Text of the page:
I can’t act, I can’t sing and I can’t draw. I am a fine arts dropout and I can blame it on my elementary school teachers. Teachers are always being blamed for everything from George Bushes’ deductive reasoning skills to the unexplainable love affair we have with Italian focaccio bread. Why not pin them with my artistic failings?
Teachers prevented me from becoming a budding new Picasso, Meatloaf or Pee Wee Herman. My first negative experience with teachers occurred in Year One. An all-class concert promised to be the highlight of the Christmas season. I fantasized about the part of Ernie the Inchworm, but alas, it was not to be. After auditioning for all parts, five of us were identified as dramatically and musically challenged six year olds.
Our group of five were sold a bill of goods that would have made Donnie Trump proud. We were convinced that a small choir accompanying the teacher, as she played the piano during the concert, was more important than the main character roles. That’s like saying that ticket taker in the Louvre played a critical role in the DaVinci Code movie. We did a lot of self talk and persuaded each other that perhaps we would be the next Osmond brothers.
Opening (and Closing) Night crackled with excitement. We gargled our six year old throats and practiced our scales. The death blow was delivered five minutes before the curtain went up (actually two kids holding the ends of a pastel bed sheet). Our teacher thought it would be better if our group assembled behind the piano, instead of beside it. Like singing a lullaby besides a freeway – nobody would ever discover our Motown talent.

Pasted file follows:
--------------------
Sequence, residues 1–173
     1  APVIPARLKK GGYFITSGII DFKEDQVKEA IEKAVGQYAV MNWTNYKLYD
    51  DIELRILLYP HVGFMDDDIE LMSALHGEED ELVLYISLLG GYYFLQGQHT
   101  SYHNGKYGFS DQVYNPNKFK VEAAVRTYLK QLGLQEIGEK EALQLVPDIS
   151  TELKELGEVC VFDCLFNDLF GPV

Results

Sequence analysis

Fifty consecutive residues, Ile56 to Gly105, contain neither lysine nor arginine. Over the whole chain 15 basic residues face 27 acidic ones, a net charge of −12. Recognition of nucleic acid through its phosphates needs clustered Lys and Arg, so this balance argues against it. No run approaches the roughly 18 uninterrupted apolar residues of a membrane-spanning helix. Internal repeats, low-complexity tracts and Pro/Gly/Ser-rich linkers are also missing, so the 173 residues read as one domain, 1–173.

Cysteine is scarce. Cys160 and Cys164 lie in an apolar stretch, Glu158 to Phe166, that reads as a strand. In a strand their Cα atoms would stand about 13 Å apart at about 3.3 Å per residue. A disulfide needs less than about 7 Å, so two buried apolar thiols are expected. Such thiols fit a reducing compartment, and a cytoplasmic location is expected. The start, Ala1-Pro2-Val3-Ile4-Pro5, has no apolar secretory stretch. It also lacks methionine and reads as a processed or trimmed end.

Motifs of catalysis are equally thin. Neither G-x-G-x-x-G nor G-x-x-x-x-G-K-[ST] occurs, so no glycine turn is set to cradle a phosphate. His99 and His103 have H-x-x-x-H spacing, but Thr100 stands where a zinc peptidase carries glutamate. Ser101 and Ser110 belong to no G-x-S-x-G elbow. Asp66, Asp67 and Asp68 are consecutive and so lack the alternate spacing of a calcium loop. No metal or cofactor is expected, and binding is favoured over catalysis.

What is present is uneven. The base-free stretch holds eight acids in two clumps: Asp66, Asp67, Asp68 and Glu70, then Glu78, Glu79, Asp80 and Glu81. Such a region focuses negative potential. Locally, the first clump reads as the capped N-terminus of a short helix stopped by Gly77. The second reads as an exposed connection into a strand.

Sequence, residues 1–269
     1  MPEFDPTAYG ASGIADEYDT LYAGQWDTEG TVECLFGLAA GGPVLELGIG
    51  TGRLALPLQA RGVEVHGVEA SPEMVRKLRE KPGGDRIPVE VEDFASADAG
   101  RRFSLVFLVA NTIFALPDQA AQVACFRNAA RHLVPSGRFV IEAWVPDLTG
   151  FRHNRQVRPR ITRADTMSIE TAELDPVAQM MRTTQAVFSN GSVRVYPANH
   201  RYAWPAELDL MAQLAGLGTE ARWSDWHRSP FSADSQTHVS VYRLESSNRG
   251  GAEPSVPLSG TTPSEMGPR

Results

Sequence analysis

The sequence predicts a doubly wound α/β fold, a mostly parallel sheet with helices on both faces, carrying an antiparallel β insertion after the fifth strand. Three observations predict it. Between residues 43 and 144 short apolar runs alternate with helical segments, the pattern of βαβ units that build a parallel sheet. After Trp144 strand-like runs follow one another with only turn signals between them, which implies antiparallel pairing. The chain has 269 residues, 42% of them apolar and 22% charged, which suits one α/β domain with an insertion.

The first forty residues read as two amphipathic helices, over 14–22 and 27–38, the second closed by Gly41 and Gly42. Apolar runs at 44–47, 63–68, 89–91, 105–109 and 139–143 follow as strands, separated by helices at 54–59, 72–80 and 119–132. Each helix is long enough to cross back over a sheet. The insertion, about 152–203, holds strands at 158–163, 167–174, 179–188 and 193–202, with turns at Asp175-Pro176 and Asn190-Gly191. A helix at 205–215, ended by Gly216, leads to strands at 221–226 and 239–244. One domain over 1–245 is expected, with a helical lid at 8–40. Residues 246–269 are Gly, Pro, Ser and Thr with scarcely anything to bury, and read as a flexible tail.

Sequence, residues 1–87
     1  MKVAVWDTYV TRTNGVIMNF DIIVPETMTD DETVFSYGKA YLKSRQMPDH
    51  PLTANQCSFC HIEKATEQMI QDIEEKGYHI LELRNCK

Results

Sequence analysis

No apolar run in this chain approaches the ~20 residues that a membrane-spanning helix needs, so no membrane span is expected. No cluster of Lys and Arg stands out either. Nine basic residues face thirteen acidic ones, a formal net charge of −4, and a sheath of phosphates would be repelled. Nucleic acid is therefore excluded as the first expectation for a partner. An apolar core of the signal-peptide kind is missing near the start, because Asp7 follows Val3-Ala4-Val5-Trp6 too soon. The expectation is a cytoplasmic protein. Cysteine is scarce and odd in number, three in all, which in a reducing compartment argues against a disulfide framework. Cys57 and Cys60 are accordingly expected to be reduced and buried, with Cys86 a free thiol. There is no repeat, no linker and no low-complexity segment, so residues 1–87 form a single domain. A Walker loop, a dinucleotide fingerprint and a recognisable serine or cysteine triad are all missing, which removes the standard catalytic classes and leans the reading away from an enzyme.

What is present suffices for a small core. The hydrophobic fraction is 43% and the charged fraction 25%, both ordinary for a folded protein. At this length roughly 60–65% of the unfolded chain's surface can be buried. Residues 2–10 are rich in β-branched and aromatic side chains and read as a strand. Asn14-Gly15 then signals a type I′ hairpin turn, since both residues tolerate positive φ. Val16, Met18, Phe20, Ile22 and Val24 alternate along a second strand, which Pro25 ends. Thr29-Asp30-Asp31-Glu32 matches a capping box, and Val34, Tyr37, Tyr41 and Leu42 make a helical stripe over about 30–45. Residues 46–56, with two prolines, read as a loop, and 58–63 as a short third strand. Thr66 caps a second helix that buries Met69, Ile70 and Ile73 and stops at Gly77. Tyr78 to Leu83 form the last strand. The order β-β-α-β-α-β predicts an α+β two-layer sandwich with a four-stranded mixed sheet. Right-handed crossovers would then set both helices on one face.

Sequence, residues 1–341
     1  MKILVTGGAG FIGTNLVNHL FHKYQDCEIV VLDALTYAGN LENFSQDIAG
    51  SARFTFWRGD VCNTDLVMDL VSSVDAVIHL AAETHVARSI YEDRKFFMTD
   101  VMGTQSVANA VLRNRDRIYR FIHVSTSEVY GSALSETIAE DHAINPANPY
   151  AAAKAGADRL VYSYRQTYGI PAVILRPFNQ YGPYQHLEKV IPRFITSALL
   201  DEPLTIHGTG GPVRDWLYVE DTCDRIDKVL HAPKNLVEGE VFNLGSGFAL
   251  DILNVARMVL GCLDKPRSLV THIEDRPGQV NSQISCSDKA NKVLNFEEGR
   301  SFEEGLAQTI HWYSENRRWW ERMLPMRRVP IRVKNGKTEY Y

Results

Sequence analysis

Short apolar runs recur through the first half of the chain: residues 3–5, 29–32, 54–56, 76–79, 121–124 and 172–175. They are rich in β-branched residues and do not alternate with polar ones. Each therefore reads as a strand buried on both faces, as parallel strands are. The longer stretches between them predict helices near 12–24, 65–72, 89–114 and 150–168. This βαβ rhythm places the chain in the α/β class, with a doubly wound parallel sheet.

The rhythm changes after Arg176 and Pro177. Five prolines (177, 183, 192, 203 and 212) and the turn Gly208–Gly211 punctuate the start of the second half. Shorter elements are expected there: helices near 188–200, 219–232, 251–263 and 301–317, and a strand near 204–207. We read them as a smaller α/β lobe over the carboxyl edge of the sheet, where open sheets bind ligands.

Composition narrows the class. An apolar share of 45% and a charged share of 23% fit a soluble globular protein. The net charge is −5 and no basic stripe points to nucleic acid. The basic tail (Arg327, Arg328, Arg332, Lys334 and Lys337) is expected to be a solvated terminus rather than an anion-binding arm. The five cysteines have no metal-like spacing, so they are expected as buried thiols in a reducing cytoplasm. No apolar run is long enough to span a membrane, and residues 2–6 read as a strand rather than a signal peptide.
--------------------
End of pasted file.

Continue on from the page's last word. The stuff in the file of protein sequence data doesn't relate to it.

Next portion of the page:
The coup de gras – French for ‘kick in the ass’ – was the final modification of our long awaited vocal debut. Our teacher informed us that we were not going to be singing behind the piano, we were only supposed to HUM the songs behind the piano. How humiliating! From a potential record deal with Barry Gordie to a sound effects chorus for a overheated motor.
My artistic talent was stymied by my Year Five teacher. In history class, we were given a picture of a buffalo or bison and told to color it. I thought I did a magnificent job. I didn’t color outside the lines and even used two shades of brown. When my teacher returned my magnificent prairie art to me and said, “Don’t you know that you don’t color buffaloes up and down, you color them side to side?” I was crushed. If you are ever required to accept the same artistic challenge on some new TV Reality show just remember that when you color buffalo, the rule is “tail to tongue and not hoof to horn.” Who knew!
My career in the dramatic arts was initially much more successful. In Year One, I was awarded a major role in our class production of The Three Little Pigs. I was the brick house. There were no lines to learn; I just stood very still and held my two arms up in the air like a roof and allowed the three pigs to find safety there. When our class won first prize at a local drama festival, I knew my interpretation of a brick house was a major contributor to our award.
My skills soon became legendary and by Year Four I won the lead in our school production. I played a lumberjack and I pulled my crippled son around the stage in a wagon. Unfortunately, during the premiere I pulled the poor handicapped son too close to the edge of the stage. One wheel of the wagon slipped off the stage and in an instant the play had to be stopped to fish the wagon and its passenger out of the front row seats. My stage career had reached its conclusion, far too prematurely
I know I could have rivaled Bobby Darin in song, or painted like Lautrec or won a Oscar like Newman. As Brando said, “Ah, couda bin sum buddy!” but I was foiled by a wagon wheel, a buffalo and a tin ear for music.